Many artists groan over art bureaucrats, who often seem to absorb disproportionate amounts of the funds designated for the arts. But in the public art field, artists need the right kind of advocate to open the doors of City Hall and Public Works, of architects and engineers. In Houston, particularly, artists are not accustomed to creating public projects, and civic planners are not accustomed to asking them to do so. And that, of course, is where the slide show comes in. "Most people come around once they find out a little bit about public art -- you know, that it's not pornography," says Cusick's assistant Debbie McNulty. "I watch people transform their attitudes completely."

Jessica Cusick has a blond pageboy haircut and a round, intelligent face. She speaks many languages fluently -- those of engineering, city boosterism, community development and art. She'll say "the whole concept is common cause" or talk about "infrastructure investment." She is also very patient -- with public art, there is no such thing as instant gratification, and Cusick has spent almost 20 years in the field. Despite the fact that she labors in Houston in relative obscurity, Cusick is one of the top names in public art administration nationally, and often has a full plate of speaking engagements, as well as a weekend teaching gig at the University of Southern California.

How does one become a public art expert? In Cusick's case, it was a fluke. She studied archaeology in college, but soon switched to contemporary art and, after studying art history at the Sorbonne, tried her hand at running a gallery in Paris. When selling art failed to satisfy her, she returned to New York, where through a connection she got a job at the city's Public Art Fund. To her surprise, she found that public art combined many of her interests: politics, social structures and "what makes cities tick."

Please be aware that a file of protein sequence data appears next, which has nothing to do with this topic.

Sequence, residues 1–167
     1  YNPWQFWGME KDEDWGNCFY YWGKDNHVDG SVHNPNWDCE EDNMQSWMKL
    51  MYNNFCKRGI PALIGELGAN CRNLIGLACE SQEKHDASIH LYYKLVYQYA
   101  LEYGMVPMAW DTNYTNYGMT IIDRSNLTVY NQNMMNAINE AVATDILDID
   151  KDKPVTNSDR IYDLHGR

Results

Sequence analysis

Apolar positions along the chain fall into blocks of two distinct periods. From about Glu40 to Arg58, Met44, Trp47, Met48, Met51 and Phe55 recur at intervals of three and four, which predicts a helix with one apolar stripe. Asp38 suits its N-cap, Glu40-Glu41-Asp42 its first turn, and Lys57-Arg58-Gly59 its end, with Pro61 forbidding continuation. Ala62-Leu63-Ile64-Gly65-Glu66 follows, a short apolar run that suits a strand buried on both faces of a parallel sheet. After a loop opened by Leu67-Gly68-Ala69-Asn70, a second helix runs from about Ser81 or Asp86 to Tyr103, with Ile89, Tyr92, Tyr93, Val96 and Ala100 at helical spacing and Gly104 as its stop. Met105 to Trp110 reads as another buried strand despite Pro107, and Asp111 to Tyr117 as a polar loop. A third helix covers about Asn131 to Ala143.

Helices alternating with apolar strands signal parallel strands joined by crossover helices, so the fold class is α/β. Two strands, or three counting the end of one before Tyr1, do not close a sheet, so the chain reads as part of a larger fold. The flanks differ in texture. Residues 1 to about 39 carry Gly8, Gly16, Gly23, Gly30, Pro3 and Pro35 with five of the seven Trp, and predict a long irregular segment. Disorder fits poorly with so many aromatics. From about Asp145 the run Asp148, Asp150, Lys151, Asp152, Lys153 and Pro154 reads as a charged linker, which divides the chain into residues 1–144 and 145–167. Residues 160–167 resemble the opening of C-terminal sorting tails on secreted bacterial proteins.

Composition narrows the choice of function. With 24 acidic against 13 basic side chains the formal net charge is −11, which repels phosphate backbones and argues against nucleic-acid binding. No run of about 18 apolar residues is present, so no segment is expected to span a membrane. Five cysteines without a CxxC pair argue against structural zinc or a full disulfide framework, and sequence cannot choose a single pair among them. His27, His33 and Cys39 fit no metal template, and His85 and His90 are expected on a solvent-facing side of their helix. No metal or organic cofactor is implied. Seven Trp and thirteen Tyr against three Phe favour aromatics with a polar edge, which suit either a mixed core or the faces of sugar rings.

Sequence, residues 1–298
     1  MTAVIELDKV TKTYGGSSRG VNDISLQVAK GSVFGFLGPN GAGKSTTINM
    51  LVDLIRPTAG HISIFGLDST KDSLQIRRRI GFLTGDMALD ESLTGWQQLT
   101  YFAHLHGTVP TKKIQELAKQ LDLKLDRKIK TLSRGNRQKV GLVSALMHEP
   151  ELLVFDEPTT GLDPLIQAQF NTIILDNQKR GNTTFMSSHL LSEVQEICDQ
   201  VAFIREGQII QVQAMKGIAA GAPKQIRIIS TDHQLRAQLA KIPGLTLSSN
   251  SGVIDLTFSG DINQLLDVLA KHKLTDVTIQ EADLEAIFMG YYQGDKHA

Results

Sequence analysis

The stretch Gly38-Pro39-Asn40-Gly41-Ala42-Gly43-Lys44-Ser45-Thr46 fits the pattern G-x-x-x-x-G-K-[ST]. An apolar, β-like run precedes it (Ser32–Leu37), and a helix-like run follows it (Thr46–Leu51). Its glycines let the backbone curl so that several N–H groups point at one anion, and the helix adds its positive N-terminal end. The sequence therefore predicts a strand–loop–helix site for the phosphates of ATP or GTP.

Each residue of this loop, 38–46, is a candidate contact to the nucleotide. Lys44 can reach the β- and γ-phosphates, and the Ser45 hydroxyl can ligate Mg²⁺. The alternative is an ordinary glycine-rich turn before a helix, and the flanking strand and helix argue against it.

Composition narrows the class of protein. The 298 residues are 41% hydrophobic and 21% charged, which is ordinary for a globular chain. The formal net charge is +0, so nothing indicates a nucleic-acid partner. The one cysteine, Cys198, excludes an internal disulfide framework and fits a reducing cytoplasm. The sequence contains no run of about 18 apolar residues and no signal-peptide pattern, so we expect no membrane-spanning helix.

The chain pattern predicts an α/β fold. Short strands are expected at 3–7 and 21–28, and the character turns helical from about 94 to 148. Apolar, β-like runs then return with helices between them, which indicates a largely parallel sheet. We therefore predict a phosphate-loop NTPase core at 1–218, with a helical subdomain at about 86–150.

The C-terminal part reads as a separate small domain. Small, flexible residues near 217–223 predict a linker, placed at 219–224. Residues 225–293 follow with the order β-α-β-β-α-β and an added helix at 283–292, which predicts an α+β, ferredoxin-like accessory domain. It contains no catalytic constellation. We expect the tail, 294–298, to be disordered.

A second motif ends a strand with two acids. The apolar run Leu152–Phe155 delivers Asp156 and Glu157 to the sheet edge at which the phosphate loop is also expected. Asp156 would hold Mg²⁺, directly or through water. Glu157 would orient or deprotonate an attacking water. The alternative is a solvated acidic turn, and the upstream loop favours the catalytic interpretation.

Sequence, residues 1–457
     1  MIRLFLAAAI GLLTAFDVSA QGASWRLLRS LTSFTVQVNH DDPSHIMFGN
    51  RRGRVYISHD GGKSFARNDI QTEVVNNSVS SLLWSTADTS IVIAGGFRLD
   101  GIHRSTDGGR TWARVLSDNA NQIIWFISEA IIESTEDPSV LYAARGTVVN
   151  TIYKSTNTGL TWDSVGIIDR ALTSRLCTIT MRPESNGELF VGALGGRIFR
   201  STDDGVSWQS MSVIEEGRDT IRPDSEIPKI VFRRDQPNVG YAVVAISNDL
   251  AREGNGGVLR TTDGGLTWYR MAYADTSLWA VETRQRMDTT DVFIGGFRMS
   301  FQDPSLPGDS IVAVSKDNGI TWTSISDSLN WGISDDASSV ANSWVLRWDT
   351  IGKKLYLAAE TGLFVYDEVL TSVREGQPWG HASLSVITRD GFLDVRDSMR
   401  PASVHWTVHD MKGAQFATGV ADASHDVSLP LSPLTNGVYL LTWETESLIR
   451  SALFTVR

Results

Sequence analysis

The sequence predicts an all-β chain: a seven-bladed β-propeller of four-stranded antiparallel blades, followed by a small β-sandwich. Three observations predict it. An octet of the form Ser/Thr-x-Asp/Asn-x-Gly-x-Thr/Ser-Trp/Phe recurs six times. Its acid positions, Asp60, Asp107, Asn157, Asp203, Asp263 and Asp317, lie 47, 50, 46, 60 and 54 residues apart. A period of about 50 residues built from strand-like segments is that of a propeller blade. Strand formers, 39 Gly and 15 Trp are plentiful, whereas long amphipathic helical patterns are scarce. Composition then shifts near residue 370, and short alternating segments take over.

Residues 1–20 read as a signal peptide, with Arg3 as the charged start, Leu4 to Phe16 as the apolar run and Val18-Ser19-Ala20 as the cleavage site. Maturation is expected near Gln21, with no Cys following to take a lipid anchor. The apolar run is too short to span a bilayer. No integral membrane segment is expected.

More importantly, Cusick discovered that when done right, public art catalyzes improbable encounters. That fact hit home, she says, when she worked on a project in Washington Square Park, where an artist filled the park's fountain with sculptures. When the performance was over, spectators were allowed to take the ceramic figurines home with them. "Afterwards," Cusick recalls, "there was this man who really looked like a bag person -- pretty disheveled, pretty grubby -- standing there clutching one of the little figurines, and one of the arms had broken off. I said, 'Oh, isn't that a shame. Yours broke.' And he said to me, 'The Venus de Milo, she ain't got no arms.'

"Here I had made all these assumptions based on looking at the guy, yet he had an appreciation for the piece that many people wouldn't have had."